Send to friend | Print

EU bids to counter Moldova communist comeback

The Polish and Swedish foreign ministers were in Chisinau yesterday (8 December) in a bid to prevent a party from Moldova's pro-European ranks from changing camps to form a government with the country's pro-Russia Communist Party. Polish Foreign Minister Radek Sikorski and his Swedish colleague Carl Bildt visited Chisinau and held talks with the leaders of all political players, a Polish diplomat from Sikorski's entourage told EurActiv.

"Two European foreign ministers visited a country which until recently was a very promising one in terms of being a member of the Eastern Partnership, and where reforms had been implemented very eagerly in the last year," the diplomat said.

He stressed that the EU's message was "very simple": the visit was not about interfering in Moldova's internal affairs, but Brussels wanted the new government to be pro-European one and to continue to make pro-European reforms in the country.

The wording and the past tense used appears to indicate that Brussels fears that Moldova may change orientation. According to press reports, President Vladimir Voronin and Marian Lupu, head of the centre-left Democratic Party, are in talks to forge a coalition to oust the pro-European parties from power.

Voronin is leader of the Communist Party and long-serving president of Moldova (see 'Background').

Former communist Lupu, 44, established his own opposition party, the Democratic Party, which became part of the pro-European alliance put together in August 2009.

A scenario in which the Democratic Party changes camp would not be a surprise, with Russia having indicated that Lupu is their preferred politician and 'kingmaker'.

According to sources cited by DPA, a possible agreement between Lupu's party and the communists would give the presidential office to Lupu, while the powerful parliament speaker job would go to Voronin.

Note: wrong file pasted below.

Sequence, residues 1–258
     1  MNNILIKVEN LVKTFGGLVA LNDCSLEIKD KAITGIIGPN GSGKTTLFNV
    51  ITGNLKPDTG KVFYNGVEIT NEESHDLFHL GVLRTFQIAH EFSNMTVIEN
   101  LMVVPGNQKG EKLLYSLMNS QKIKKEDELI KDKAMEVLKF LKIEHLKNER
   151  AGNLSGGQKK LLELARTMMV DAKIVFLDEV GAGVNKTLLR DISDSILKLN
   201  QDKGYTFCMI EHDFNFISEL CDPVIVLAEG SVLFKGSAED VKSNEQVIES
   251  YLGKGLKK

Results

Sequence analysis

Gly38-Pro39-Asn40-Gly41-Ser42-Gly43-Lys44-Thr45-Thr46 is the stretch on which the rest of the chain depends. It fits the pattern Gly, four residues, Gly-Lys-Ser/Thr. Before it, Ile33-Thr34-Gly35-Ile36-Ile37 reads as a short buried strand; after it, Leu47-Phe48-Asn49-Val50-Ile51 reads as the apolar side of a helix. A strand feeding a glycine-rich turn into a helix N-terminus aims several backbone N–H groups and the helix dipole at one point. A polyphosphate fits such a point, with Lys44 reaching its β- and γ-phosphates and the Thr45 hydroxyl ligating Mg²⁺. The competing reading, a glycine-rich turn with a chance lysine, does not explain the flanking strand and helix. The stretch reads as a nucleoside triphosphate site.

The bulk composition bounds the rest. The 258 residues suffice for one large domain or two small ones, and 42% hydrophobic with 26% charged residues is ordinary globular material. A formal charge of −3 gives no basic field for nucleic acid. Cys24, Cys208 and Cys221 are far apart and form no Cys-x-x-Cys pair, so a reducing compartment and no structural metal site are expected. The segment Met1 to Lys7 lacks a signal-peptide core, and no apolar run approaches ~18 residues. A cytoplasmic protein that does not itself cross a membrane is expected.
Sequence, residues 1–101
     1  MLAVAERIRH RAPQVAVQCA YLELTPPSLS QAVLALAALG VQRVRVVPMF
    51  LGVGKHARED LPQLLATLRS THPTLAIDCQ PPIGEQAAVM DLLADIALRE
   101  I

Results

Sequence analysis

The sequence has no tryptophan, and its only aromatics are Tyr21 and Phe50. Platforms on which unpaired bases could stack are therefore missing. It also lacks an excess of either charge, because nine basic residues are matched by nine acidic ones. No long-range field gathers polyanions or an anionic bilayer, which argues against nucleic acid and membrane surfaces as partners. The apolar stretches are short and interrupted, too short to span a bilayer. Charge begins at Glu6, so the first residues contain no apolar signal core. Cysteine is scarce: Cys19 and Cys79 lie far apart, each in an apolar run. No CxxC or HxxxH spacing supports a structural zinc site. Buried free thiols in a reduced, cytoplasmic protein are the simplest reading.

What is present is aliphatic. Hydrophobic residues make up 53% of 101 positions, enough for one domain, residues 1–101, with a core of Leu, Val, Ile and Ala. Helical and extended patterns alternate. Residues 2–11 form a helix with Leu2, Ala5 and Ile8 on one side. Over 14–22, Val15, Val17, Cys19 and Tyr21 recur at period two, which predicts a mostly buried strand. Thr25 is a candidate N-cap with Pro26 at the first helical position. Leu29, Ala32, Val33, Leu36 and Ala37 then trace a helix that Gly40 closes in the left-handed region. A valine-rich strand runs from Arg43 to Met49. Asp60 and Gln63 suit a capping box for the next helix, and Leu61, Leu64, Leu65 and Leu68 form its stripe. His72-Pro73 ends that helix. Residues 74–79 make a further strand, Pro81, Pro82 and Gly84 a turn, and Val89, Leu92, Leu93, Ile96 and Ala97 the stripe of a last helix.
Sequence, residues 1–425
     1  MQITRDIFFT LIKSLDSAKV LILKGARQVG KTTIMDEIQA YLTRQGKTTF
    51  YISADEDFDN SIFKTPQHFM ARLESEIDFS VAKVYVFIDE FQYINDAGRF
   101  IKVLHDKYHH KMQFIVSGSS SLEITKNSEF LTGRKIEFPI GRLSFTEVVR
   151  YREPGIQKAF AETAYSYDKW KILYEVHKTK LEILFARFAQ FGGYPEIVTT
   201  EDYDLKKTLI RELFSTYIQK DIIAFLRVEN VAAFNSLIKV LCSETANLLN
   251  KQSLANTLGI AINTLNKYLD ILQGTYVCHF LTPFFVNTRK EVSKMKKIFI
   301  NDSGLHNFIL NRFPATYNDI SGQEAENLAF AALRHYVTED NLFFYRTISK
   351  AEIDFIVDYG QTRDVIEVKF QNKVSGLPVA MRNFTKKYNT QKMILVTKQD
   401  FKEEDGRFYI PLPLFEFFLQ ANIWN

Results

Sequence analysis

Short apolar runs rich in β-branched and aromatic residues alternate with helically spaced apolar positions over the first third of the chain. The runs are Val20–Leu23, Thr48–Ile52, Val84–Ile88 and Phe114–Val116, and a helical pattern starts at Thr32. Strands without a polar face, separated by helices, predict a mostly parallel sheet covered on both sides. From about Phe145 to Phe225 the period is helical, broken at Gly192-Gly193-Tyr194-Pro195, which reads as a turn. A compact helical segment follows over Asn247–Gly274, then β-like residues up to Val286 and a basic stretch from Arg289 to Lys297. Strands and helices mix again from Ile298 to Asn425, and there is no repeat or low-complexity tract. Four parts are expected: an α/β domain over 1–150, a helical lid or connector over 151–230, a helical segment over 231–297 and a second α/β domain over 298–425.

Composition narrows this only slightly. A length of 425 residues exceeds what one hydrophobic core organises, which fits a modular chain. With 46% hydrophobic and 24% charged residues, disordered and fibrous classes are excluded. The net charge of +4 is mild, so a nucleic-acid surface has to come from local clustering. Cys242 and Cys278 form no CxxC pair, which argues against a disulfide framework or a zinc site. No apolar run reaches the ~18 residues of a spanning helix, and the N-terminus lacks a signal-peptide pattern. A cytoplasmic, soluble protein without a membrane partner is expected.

Other government offices will reportedly be shared between the two parties, with Communist nominees receiving 70% of appointments and the Democrats 30%.

Voronin's Communists are expected to control 42 seats in the 101-seat parliament, and Lupu's Democrats 15 seats. This, however, is short of the minimum 61-seat majority required for the election of a president, according to the country's constitution.

Moldova's two largest pro-Europe parties, the Liberals and the Liberal Democrats, are expected to remain in opposition with a total of 44 seats between them.

Europe losing Moldova?

A EU diplomat in Chisinau who asked not to be named told EurActiv that Lupu would "probably" prefer to stay within the pro-European alliance, but the promises made to him by the communists had been "very tempting".

Lupu was also lobbied by top Russian officials, who visited Chisinau over the weekend. Unlike the EU envoys, however, they did not consult all sides, instead only meeting Voronin and Lupu.

"Lupu is now bargaining to get the same number of posts in a new pro-European government as he would if he strikes a deal with the communists," the diplomat said.

The diplomat admitted that nothing was certain and that no-one could guarantee that Europe would not "lose Moldova" to Russia in much the same way as its biggest neighbour Ukraine, whose leadership is also seen as pro-Russian.

European Parliament President Jerzy Buzek is due to visit Moldova on Friday (10 December).

Buzek's spokesperson Inga Rosińska told EurActiv that if the Parliament president had decided to go to Chisinau at this particular moment, it meant that the time was right for such a visit.

Heavy-handed diplomacy

The visit of Sikorski and Bildt to Chisinau appears to indicate that Brussels would see Bucharest, the "natural ally" of Moldova, take the back seat for a while. EU diplomats said they regretted the recent statements by Romanian President Traian Basescu, who reportedly said that Moldova may become part of Romania again in the next 25 years.

"European Union borders will extend to the Dnestr River, and the democratic development in the region will be an incentive for other countries, such as Ukraine, to join the EU," Basescu was quoted as saying.

The statement prompted Moldova's acting president, Vlad Filat, to react. "Moldova is an independent country and will remain so in future," Filat said.




Comments (0)